Georgia Tech beat DePaul in the first round for the program's first NCAA Tournament win. Yes, the Yellow Jackets lost in the second round to Purdue, but this was a very nice season for Tech.
NC State will attempt to advance to the Sweet 16 on Tuesday, as will the three giants: Duke, North Carolina and Maryland. Florida State is now in the Sweet 16 for the first time in school history.
The Seminoles no doubt benefited from the level of competition they experienced all season in the ACC. It became abundantly clear in this game that FSU is hardly a No. 10 seed. FSU has only one senior, guard Alicia Gladden, who was a third-team All-ACC pick. The Seminoles have won at least 20 games three seasons in row -- a first in program history.
The Seminoles have been to the NCAA Tournament four of the past seven years. FSU definitely isn't coming out of nowhere to pull off an upset like this. Even so, it's still a stunner to see the Cardinal go down this early while playing at home.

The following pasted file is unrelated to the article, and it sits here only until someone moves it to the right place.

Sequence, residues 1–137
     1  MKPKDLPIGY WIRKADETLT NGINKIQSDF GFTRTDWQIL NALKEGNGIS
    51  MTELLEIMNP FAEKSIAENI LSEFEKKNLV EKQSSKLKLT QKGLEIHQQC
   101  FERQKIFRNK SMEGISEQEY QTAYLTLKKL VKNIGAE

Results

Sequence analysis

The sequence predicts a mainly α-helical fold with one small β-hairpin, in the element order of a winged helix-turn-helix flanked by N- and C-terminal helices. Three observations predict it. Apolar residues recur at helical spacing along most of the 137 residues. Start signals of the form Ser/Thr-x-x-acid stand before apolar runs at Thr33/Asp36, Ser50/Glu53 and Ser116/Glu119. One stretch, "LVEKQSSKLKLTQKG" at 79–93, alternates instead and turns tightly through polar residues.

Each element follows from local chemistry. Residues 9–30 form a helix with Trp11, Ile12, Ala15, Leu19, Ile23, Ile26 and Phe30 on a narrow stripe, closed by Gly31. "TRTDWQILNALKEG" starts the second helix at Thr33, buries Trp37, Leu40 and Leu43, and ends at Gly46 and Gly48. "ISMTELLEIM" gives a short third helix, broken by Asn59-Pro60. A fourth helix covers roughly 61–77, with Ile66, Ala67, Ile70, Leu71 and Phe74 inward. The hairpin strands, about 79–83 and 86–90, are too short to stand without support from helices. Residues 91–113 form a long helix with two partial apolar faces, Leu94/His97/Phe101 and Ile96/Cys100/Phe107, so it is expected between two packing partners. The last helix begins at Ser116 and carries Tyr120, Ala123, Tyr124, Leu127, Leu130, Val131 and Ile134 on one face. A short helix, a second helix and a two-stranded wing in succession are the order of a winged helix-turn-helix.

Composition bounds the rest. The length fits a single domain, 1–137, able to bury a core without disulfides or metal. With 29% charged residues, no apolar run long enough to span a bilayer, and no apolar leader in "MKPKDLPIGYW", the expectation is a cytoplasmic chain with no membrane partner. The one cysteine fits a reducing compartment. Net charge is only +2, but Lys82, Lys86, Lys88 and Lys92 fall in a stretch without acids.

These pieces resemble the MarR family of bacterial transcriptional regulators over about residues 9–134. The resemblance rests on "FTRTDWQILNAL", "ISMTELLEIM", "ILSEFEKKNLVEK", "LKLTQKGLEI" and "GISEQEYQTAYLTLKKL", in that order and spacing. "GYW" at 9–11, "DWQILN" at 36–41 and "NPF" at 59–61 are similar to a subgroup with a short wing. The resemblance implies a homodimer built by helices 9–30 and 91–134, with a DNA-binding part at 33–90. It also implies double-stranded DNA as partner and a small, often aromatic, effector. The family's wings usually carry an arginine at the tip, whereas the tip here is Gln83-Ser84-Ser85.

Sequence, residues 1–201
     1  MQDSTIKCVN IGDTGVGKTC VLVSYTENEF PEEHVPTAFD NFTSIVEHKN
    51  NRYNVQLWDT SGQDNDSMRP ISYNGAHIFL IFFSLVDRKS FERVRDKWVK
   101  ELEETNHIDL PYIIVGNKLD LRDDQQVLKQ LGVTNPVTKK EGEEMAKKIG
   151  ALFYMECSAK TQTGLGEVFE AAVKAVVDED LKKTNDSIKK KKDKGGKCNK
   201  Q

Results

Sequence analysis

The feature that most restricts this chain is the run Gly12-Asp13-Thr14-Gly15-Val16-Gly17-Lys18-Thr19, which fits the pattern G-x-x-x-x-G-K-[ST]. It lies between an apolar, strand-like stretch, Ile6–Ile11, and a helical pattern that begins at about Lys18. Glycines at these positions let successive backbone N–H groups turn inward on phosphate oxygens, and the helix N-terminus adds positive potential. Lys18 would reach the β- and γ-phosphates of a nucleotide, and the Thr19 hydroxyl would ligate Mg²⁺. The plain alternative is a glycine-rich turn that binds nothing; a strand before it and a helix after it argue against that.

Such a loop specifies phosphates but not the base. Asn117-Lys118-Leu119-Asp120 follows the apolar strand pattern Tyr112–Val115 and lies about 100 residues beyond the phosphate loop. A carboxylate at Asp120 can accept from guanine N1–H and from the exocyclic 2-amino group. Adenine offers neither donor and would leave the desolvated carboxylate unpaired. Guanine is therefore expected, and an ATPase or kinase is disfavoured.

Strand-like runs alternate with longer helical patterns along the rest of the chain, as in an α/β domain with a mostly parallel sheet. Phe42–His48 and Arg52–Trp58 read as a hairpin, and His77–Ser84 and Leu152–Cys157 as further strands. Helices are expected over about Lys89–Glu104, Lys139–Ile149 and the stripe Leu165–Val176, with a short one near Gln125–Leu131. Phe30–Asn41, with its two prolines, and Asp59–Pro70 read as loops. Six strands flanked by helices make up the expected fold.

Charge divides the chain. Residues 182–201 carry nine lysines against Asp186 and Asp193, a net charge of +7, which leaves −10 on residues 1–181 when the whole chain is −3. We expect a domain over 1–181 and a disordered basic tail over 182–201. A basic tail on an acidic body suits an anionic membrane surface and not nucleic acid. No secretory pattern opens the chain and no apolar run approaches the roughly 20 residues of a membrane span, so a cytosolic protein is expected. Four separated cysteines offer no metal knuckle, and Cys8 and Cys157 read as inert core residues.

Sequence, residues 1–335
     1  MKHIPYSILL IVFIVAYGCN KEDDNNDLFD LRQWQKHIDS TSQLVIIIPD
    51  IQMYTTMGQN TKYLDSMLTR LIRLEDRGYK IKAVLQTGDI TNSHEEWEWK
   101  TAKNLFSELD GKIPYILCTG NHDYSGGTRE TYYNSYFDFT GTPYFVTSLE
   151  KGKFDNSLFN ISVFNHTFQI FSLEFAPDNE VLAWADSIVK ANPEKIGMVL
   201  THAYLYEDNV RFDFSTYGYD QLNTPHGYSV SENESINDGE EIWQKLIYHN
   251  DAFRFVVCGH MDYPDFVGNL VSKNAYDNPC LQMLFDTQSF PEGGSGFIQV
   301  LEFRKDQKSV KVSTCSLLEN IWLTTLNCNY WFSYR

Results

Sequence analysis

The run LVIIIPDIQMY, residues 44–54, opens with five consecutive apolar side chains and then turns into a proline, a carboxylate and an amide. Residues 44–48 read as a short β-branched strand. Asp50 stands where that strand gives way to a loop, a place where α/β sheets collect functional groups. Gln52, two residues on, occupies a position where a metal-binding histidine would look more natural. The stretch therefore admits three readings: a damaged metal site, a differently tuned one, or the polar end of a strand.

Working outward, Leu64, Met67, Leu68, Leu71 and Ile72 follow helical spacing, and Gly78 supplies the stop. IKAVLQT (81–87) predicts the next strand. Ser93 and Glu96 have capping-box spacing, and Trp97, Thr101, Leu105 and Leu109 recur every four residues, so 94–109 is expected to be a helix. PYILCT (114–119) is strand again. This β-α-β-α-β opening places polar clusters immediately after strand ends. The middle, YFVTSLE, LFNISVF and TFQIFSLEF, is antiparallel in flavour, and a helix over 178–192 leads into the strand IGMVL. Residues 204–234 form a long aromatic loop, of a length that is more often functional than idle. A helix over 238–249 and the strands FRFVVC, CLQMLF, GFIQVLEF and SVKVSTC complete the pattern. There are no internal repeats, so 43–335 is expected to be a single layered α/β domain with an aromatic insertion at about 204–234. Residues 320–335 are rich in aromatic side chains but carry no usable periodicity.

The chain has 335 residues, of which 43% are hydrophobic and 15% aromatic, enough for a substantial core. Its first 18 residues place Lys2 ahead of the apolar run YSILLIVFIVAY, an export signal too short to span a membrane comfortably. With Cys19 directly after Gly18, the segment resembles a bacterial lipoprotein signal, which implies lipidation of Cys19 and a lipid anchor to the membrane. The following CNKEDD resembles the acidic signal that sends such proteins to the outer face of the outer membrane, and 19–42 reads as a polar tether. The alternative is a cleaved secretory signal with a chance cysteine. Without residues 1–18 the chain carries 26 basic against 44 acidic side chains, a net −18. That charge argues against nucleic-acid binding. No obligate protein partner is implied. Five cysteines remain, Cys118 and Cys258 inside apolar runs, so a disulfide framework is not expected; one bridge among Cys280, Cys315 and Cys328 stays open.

Yes, as mentioned, it has happened before. But Stanford actually responded well to the last NCAA loss at Maples. In 2004, 2005 and 2006, the Cardinal advanced to the Elite Eight. Each of those, though, brought more pain to Stanford and its fans.
In 2004, the Cardinal lost the regional final by two points to Tennessee. (And don't dare bring up Stanford's series with Tennessee to any Cardinal fan, unless you just enjoy being punched.)
In 2005, Michigan State topped the Cardinal by seven points. Then, in 2006, there was a three-point loss to LSU and the controversial charge call near the end against Wiggins.
Oh, yeah, there's more. How about the three-point loss to Colorado in the 2002 Sweet 16? The two-point loss to Maine in the first round in 1999? That was a down season for Stanford, which was only seeded No. 7 but Maine was No. 10. Plus, it was the second consecutive first-round loss for a program that has been to six Final Fours and won two titles.
Because the year before